In 2013, Dr Debby Herbenick gave a TED talk in Bloomington, Indiana, with the title ‘Making Sex Normal’. In short, she argued that sex should become a part of our conversation and the taboo surrounding it should be abandoned – naturally, I am on board with this!
When something as fundamental as reproduction and sex is condemned, we miss out on information that not only has the potential to make our experiences more enjoyable, but also could improve our safety. The YouTube space is providing us this space to discuss sex, sexuality and everything in between, and I, for one, am here for it.
In order to open up the dialogue, we need to look to where it isn’t being addressed so let’s start right at the beginning with the birds and the bees:
I imagine anyone who has gone through the British schooling system has encountered the sex education classes, usually around the age of eleven, in which we are given diagrams of male and female reproductive organs. We are told what each part is and its function, along with why we have sex and the mechanics of it.
Unless you have been blessed with a school that is somewhat progressive in this area, that was probably the extent of your learning: penis + vagina = baby. There are obvious issues here already with heteronormative presumptions and so on, but that is only the tip of the iceberg. When your hormones are completely off balance during puberty, you have no idea how to manage new emotions such as being turned on by or attracted to another person. No one explains to you what you are feeling, let alone what to do about it. At such a turbulent time emotionally, it makes teenagers vulnerable and unable to ask the “embarrassing” questions about masturbation or virginity or ‘is it supposed to look like that or am I weird?’
As embarrassed as I may have felt, I definitely would have been grateful for someone to sit down and give me an idea of how to deal with sex from the mental perspective at that age. I probably would have avoided mistakes like the fear of losing my “V-card” – a phrase which I cannot believe I used. I was so scared of whether it would hurt, what it would do, how not to get pregnant… But who was I supposed to ask? My friends were as clueless as I was, I couldn’t ask my parents, and there was no one else to turn to for answers.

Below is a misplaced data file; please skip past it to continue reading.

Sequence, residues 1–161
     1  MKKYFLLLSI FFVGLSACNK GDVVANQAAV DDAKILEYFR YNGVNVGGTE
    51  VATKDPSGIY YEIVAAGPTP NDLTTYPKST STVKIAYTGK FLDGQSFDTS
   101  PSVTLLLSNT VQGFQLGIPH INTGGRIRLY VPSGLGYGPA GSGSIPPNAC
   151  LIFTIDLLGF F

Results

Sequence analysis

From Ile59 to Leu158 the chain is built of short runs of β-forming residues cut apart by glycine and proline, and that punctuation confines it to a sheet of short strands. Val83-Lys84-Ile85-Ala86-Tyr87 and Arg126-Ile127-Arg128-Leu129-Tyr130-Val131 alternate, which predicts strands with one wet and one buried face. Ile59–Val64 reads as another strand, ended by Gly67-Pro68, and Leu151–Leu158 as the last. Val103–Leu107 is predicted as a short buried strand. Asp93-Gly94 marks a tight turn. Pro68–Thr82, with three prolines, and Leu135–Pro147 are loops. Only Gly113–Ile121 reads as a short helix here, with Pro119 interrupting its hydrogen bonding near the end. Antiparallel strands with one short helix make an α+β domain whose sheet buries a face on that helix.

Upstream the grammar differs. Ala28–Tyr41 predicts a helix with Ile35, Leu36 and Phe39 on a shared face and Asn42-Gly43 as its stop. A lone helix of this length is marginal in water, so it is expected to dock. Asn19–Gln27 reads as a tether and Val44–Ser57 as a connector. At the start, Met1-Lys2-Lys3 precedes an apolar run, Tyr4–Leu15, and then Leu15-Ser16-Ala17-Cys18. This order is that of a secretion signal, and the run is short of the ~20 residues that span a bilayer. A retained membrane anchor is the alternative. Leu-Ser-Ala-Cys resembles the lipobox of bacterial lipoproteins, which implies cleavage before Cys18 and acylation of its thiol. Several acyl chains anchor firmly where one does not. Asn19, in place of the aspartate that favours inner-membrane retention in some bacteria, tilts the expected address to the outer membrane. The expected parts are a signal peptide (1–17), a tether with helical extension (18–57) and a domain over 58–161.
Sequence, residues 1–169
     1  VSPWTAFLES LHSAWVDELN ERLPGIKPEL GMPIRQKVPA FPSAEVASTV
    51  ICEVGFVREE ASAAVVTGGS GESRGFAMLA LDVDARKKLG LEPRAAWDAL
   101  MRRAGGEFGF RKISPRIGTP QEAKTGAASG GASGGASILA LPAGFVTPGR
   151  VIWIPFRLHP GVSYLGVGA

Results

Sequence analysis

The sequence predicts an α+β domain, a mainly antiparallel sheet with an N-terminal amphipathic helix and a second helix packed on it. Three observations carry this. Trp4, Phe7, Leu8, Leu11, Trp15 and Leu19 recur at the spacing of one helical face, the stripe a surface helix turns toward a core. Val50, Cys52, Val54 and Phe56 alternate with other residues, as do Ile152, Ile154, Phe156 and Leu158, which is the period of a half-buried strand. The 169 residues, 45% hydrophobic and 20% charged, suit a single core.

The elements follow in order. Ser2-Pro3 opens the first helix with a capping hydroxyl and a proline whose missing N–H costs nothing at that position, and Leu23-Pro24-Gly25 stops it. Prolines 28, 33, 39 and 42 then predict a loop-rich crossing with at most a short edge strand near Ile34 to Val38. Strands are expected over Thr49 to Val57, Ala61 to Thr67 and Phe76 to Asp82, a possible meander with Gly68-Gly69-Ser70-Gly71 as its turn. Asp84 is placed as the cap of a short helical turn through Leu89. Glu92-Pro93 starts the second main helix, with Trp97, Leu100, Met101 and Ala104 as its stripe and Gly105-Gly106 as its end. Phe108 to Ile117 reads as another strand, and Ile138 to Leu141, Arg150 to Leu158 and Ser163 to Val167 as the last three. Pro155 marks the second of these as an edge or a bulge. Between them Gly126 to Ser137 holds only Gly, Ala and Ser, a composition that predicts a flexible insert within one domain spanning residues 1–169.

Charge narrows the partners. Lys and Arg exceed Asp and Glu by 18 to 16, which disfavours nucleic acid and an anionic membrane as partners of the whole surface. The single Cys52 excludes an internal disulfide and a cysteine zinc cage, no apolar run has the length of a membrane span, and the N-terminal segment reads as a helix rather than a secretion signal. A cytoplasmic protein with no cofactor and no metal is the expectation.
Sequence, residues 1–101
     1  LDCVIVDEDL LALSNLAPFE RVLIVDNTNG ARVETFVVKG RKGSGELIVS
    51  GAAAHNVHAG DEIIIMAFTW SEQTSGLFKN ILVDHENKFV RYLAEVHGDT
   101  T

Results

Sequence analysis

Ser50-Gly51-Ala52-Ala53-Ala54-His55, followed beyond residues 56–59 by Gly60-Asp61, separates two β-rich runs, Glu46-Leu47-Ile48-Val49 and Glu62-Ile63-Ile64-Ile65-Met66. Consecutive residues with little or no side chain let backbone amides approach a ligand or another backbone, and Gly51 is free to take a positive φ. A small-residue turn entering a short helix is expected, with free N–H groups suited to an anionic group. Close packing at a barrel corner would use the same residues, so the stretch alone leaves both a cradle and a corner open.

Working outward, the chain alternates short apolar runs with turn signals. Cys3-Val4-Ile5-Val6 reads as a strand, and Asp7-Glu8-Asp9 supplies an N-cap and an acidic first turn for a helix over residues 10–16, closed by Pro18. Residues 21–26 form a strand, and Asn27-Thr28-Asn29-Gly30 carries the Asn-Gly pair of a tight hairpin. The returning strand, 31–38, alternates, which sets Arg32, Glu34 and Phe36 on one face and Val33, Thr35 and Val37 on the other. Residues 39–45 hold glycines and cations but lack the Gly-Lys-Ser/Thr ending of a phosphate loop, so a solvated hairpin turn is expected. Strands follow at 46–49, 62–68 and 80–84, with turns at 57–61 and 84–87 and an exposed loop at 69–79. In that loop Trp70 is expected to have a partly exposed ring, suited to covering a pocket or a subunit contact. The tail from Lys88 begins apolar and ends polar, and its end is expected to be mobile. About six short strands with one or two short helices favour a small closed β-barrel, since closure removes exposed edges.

The magic of the dialling tone
So I turned to the internet. At this point in my Googling career, I didn’t quite understand that there wasn’t a filter on my searches so what came up was definitely not intended for the eyes of a confused thirteen year old. The only information I had access to was either crudely drawn outlines on the school whiteboard or graphic porn that I stumbled across before hastily unplugging the monitor and having a bit of a cry.
Other media wasn’t much help either. It feels like 99.9% of films I’ve watched has a sex scene where the camera pans away dramatically, or it shows the characters lying next to each other, panting and proclaiming how amazing it was. So what was sex going to be like: clinical and scientific? Painful and violent? Artistic and perfect?
To return to Debby Herbenick’s talk, she tells the story of how her grandma didn’t know how women gave birth until the moment of delivery. Although this may seem funny, it is also scary that we can have so little knowledge about our own bodies. If sex remains a taboo topic, how are we supposed to teach teenagers about STDs and pregnancy, as well as all the feelings to go alongside it?
The great online space
This is where the internet has developed from being a place of just graphic and unrealistic depictions of sex. In fact, it’s taken a step in the right direction towards intelligent, frank and informed conversations in the form of the YouTube generation. They have started using their uncensored platform away from traditional mediums like film and TV to scrap the taboo and talk about sex the way it really is. Ranging from the people in front of their phone cameras who are discussing their personal experiences like Hannah Witton, to the TED talks which take important lectures to the bigger online audience, the online space is now dismantling the notion that sex shouldn’t be talked about outside of the bedroom. Linked here is a playlist of a few of my favourite videos, but there is so much material out there to finally make us feel less alone, and to finally answer the questions we were always afraid to ask.
Siobhan is a 20 year old English Literature student at Newcastle University, but originally from the Isle of Man. Her biggest passions are reading, writing, feminism, dogs, mental wellbeing and prosecco (not necessarily in that order).